Welcome to the latest edition of Missed Fists where Jed Meshew and Alexander K. Lee shine a light on fights from across the globe that may have been overlooked in these hectic times where it seems like there’s an MMA show every other day.
We hope you all had time to spend time with loved ones as you commemorated Memorial Day. Now we’re back to help you catch up on the action from last week, starting with a visit to our friends at the Legacy Fighting Alliance.
AL: LFA 40 took place in Dallas last Friday and it marked a milestone for broadcaster AXS TV, who was airing its 400th combat sports event. The Texas-based LFA (an amalgamation of the former Legacy Fighting Championship and Resurrection Fighting Alliance organizations) has become well known for being a feeder league for the UFC, but it also has a well-deserved reputation for showcasing all levels of talent and AXS TV has given them the platform to do so.
Case in point, Evan Cutts and undefeated welterweight prospect Ramiz Brahimaj stole the show on Friday, engaging in a three-round dogfight that let both guys strut their stuff.
I first saw Cutts when he beat BJ Penn’s older brother Reagan back in 2011 by unanimous decision in Reagan’s second and last MMA fight. He goes by “The Butcher”, which is pretty great because of his last name and the fact that he’s an actual butcher.
JM: He definitely shouldn’t quit his day job. Not that he’s a bad fighter but “Cutts the Butcher” is definitely marketable. Dude should open up his own chain of charcuterie shops.
AL: That actually sounds kind of threatening, which is probably why he’s chosen this other line of work.
Brahimaj showed why he’s got some hype behind him, dumping Cutts on his head early.
Unfortunately, he also cut his head on the cage while doing so and he’d have to deal with that for the remainder of the fight. See, Jed? Sometimes you shouldn’t slam, or at least be careful when you do!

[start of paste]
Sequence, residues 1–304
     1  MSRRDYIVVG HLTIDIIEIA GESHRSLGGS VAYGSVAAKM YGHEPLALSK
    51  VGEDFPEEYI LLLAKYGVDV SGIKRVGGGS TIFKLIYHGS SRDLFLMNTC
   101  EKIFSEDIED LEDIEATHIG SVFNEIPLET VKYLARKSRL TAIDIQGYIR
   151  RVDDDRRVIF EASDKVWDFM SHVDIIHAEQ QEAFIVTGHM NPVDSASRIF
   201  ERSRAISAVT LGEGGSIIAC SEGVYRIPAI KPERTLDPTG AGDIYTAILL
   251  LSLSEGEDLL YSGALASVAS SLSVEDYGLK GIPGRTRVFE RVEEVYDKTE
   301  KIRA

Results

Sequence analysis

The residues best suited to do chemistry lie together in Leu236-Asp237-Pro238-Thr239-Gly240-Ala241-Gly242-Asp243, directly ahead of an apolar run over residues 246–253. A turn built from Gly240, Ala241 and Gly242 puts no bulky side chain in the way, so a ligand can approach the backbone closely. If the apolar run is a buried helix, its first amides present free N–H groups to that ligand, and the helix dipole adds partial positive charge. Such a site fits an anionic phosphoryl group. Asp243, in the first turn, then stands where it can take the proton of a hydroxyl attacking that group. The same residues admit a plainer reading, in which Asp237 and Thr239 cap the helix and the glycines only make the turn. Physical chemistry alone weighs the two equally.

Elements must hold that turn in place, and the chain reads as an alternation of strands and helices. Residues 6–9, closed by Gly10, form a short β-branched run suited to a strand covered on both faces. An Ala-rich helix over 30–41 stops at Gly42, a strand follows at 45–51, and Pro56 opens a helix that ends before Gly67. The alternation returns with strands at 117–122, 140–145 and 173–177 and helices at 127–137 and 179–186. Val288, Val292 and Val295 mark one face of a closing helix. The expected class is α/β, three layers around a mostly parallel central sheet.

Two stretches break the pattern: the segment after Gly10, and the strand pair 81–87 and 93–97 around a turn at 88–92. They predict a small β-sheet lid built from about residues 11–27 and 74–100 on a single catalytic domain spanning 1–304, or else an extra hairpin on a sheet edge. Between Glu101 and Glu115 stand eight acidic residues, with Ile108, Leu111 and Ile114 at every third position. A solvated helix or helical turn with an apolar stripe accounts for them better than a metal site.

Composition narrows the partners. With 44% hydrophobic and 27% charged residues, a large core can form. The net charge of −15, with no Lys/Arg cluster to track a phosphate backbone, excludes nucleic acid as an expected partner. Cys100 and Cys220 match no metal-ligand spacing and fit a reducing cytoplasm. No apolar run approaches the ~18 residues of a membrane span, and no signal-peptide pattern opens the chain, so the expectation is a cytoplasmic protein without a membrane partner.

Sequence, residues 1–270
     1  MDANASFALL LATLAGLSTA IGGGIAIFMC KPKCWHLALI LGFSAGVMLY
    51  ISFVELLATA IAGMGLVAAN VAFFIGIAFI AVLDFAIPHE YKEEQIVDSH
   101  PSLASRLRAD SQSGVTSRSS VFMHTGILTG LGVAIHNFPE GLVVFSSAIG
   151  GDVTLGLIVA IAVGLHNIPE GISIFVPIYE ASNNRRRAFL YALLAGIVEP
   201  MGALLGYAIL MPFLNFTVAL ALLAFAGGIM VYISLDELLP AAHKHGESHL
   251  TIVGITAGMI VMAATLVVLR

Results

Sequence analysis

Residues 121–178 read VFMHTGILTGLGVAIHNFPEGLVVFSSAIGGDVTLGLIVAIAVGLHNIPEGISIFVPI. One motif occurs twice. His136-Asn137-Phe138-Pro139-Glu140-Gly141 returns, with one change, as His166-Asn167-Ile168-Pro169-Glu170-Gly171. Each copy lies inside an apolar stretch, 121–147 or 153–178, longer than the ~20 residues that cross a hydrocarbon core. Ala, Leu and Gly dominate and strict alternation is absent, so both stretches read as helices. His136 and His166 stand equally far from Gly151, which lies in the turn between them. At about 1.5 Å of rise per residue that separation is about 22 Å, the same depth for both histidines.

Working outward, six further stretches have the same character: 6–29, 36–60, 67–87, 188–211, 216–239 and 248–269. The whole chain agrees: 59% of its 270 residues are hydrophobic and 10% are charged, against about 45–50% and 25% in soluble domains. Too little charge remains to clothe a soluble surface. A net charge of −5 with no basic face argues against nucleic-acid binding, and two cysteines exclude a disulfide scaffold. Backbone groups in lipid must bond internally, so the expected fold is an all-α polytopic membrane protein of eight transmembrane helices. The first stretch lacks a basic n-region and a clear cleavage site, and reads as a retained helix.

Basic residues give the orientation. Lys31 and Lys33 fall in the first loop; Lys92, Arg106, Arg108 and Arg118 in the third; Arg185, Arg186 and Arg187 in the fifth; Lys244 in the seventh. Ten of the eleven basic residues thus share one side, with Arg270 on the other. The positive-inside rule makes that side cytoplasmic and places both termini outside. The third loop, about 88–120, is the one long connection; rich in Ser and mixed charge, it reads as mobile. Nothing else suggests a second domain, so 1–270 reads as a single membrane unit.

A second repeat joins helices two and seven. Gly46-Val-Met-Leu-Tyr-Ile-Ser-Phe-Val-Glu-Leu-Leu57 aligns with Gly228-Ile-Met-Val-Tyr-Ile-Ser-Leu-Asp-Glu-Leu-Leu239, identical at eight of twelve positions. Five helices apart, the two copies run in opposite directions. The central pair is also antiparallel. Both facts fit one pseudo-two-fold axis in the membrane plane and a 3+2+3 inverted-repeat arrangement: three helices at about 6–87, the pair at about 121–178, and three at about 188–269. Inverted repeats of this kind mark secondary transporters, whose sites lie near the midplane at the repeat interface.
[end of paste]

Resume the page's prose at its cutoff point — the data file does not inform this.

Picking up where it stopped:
JM: I mean, if you going into a fight with Cutts the Butcher, you should expect to bleed a little bit. Plus, I’m genuinely surprised that slam didn’t end the fight. Cutts got dropped straight on his head. Props to him for barely even looking phased by that and still winning the fight afterwards.
AL: Yup, Cutts gutted out a unanimous decision nod, much to the surprise of Brahimaj who took the third round with a steady diet of ground-and-pound. But it turned out to be too little, too late.
Check out the highlights of the show below (which oddly don’t include the Cutts-Brahimaj fight) and keep your eye on AXS TV for LFA’s next show, which takes place this upcoming Friday.
Aleksey Ilyenko vs. Helson Henriques
AL: On to St. Petersburg, Russia, we go for M-1 Challenge 92. Once more focusing on under-the-radar activity, we shine a light on 19-year-old Russian lightweight prospect Aleksey Ilyenko who might have had the most impressive performance at Thursday’s show.
JM: I’m torn on this fight. On the one hand, Ilyenko is really good for only 19 years old and I was impressed with his ability to overcome adversity and get the W. On the other hand, he also looked to have an even bigger size advantage than Darren Till had over Stephen Thompson. Seriously, it looked like a welterweight fighting a featherweight there.